Arkansas Healthcare

UAMS
UAMS.edu

Arkansas legislators will be meeting next week as part of an ongoing inquiry into a partnership between the University of Arkansas for Medical Sciences and Baptist Health Medical Center-Conway. Arkansas Business delves into the conflict in this week’s issue:

My Arkansas Insurance Marketplace Affordable Healthcare Coverage
https://myarinsurance.com/

The deadline for purchasing health insurance through the Affordable Care Act is this Saturday. Bruce Donaldson, Navigator Outreach Manager for the Arkansas Health Insurance Marketplace, says consumers are more comfortable with the enrollment process, which has been in place for four years, but there are still common questions.

Governor Asa Hutchinson  Arkansas Works Medicaid expansion
Michael Hibblen / KUAR News

In March 2017, Gov. Asa Hutchinson announced his intention to seek a waiver allowing a work requirement for certain recipients of the state's expanded Medicaid program, known as Arkansas Works. The requirement, because of which over 12,000 Arkansas Works recipients have lost coverage so far this year, is the first of its kind in the country. 

Arkansas Works Governor Asa Hutchinson Work Requirement
Michael Hibblen / KUAR News

Arkansas has removed more than 12,000 people from its expanded Medicaid program over the past three months for not complying with a new work requirement.

The state Department of Human Services said Thursday more than 3,800 people lost their Medicaid coverage in October for not complying with the rule, which requires them to work 80 hours a month. Beneficiaries lose coverage if they don't meet the requirement three months in a calendar year. Nearly 8,500 people had lost coverage over the previous two months.

Arkansas Children's Hospital
KATV-Channel 7

Arkansas Children’s Hospital CEO Marcy Doderer said one of the state’s largest health care systems will raise its minimum wage for entry level jobs to $14 per hour in the next fiscal year.

Doderer, appearing on this week’s edition of Talk Business & Politics, discussed this topic, the debate over pre-existing conditions, and a new legal initiative underway with Walmart and Legal Aid of Arkansas.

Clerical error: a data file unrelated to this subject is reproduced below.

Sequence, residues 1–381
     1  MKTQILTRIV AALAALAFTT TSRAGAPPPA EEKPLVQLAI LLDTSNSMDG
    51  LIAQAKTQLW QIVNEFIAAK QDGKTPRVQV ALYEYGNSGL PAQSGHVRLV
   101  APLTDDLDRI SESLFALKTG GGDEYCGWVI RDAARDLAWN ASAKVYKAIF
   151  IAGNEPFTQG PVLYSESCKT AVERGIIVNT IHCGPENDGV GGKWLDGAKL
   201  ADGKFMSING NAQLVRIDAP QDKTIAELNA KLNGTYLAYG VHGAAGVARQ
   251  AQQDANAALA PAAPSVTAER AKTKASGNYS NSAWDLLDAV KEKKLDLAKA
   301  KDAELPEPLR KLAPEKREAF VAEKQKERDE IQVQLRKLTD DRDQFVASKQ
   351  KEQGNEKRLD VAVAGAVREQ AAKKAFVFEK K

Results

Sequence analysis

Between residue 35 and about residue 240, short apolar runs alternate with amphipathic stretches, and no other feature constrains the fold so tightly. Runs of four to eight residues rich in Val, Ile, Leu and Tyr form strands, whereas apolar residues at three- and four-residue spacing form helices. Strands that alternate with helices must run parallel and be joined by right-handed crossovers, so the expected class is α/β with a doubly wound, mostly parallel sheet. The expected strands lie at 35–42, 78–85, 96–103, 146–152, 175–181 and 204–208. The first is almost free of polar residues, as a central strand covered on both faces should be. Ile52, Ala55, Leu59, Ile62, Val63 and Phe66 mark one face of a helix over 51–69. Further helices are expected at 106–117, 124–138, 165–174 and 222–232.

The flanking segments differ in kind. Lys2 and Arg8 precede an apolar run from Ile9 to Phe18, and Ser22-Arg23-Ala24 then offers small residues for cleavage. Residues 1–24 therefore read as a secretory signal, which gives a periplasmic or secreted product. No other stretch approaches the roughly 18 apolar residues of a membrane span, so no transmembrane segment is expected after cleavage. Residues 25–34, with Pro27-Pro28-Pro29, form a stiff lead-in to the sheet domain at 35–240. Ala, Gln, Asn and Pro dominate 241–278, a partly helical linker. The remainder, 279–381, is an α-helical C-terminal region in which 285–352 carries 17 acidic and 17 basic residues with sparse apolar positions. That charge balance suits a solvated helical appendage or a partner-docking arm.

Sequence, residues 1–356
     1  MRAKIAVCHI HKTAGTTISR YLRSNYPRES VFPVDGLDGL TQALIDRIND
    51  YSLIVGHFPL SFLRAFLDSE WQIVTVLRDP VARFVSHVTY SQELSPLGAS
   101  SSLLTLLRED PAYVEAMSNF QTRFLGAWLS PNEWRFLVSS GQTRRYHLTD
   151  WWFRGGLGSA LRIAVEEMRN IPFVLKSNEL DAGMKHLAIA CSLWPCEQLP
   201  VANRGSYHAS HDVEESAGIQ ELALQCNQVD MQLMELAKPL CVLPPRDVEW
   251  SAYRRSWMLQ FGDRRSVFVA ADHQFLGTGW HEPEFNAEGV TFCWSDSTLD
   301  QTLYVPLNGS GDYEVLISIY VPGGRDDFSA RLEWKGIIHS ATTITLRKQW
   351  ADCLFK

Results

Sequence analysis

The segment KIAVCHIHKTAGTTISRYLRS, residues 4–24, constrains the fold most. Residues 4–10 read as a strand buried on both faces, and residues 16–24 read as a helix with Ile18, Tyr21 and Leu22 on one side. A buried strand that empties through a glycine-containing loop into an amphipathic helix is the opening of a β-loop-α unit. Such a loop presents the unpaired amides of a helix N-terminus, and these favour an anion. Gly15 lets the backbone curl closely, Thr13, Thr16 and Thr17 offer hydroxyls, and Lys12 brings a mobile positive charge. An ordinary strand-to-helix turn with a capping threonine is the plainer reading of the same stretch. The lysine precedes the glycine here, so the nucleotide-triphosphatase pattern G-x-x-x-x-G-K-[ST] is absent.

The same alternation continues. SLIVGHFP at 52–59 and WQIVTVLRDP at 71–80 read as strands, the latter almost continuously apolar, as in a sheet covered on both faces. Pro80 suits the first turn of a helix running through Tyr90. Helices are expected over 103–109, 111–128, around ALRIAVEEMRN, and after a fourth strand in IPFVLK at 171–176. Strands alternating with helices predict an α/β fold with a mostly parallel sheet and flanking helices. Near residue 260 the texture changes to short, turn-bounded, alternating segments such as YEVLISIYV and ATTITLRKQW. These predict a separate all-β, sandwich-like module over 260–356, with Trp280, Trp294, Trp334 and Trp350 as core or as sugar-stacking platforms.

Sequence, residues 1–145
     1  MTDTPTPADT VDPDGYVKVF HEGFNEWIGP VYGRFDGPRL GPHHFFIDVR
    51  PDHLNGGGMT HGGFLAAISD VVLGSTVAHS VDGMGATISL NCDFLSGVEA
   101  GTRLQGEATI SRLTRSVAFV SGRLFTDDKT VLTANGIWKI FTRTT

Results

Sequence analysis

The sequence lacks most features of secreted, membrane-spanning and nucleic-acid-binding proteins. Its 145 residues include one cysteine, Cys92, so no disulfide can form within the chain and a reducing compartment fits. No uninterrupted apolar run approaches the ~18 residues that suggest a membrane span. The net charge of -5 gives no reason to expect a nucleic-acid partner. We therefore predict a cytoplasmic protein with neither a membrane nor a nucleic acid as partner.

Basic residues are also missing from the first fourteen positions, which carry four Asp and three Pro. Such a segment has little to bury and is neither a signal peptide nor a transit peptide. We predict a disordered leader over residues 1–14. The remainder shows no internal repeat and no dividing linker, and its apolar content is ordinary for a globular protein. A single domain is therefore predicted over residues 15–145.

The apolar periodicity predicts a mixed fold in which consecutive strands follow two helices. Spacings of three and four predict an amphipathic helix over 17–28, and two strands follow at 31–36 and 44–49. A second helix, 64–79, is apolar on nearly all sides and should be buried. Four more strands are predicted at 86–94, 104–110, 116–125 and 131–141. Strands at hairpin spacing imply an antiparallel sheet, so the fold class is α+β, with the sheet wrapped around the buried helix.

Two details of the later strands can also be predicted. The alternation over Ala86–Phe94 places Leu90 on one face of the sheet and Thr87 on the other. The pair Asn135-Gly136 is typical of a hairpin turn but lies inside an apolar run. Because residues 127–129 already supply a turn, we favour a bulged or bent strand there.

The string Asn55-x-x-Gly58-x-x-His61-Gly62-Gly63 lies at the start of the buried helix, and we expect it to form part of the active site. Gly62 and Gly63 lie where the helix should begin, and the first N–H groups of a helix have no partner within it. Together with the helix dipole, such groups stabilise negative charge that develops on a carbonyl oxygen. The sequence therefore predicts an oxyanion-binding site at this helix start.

Dr. Marc Phan of the University of Arkansas for Medical Sciences who discussed medical shock on this month's episode of Science Cafe.
UAMS

Medical shock can be caused by a variety of things, including heart attacks, infections and trauma.

On this month's episode of Science Cafe Dr. Marc Phan, an assistant professor in the Department of Emergency Medicine at UAMS discussed the different kinds of shock, treatments and what's going on in our bodies when we experience shock. He also took calls from listeners during the live broadcast.

You can listen to the full program above.

Arkansas Medical Marijuana Commission
Facebook

A company hired to grade Arkansas medical marijuana dispensary applications says it can deliver scores to the state by the end of next month. But at a meeting Tuesday, the chair of the state’s Medical Marijuana Commission voiced concerns that no physicians are part of the scoring team.

Thomas Aldridge, a manager with Public Consulting Group, spoke with commissioners about the process to help decide who should get the 32 licenses for dispensaries that will be spread throughout the state. About 200 entities have submitted applications.

Arkansas Works Governor Asa Hutchinson Work Requirement
Michael Hibblen / KUAR News

Arkansas has nearly doubled the number of people removed from its expanded Medicaid program over a new work requirement that's the subject of a federal lawsuit.

The state Department of Human Services on Monday said more than 4,100 people lost their Medicaid coverage for not complying with the rule. It requires some beneficiaries to work 80 hours a month for three months in a calendar year.

Doctors Urged To Tone Down Medical Jargon

Oct 11, 2018

As part of Health Literacy Awareness Month this October, doctors and other health care professionals are being urged to ditch the medical jargon and adopt plain, real-world language that will be easier for patients and caregivers to understand and remember.

Arkansas Public Media spoke with Alison Caballero, program director with the UAMS Center for Health Literacy, about the effort to get health professionals to break the habit of using advanced medical terminology.  

Daniel Breen / Arkansas Public Media

Among all the popular measures on the Arkansas ballot this November, none is as hydra-headed, or has forged unlikely alliances, as Issue 1.

It would give the legislature rulemaking power over the courts and put a limit on fees collected by trial lawyers in lawsuits. The most talked about element, though, is that it would cap courtroom awards for plaintiff's seeking punitive damages and compensation for pain and suffering — though it wouldn't limit awards for lost wages or hospital bills, or in cases of intentional misconduct — at $500,000.